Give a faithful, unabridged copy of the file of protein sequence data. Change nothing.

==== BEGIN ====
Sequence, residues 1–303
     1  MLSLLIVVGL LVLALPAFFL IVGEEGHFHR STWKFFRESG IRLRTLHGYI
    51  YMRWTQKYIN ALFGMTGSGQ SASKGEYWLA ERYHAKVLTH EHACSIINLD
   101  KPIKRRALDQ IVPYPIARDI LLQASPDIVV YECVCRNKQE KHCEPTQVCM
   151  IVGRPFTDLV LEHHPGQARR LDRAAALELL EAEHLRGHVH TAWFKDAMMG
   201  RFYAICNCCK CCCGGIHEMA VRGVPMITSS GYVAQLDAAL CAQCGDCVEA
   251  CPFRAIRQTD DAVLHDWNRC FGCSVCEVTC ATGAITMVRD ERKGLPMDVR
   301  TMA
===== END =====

Sequence, residues 1–303
     1  MLSLLIVVGL LVLALPAFFL IVGEEGHFHR STWKFFRESG IRLRTLHGYI
    51  YMRWTQKYIN ALFGMTGSGQ SASKGEYWLA ERYHAKVLTH EHACSIINLD
   101  KPIKRRALDQ IVPYPIARDI LLQASPDIVV YECVCRNKQE KHCEPTQVCM
   151  IVGRPFTDLV LEHHPGQARR LDRAAALELL EAEHLRGHVH TAWFKDAMMG
   201  RFYAICNCCK CCCGGIHEMA VRGVPMITSS GYVAQLDAAL CAQCGDCVEA
   251  CPFRAIRQTD DAVLHDWNRC FGCSVCEVTC ATGAITMVRD ERKGLPMDVR
   301  TMA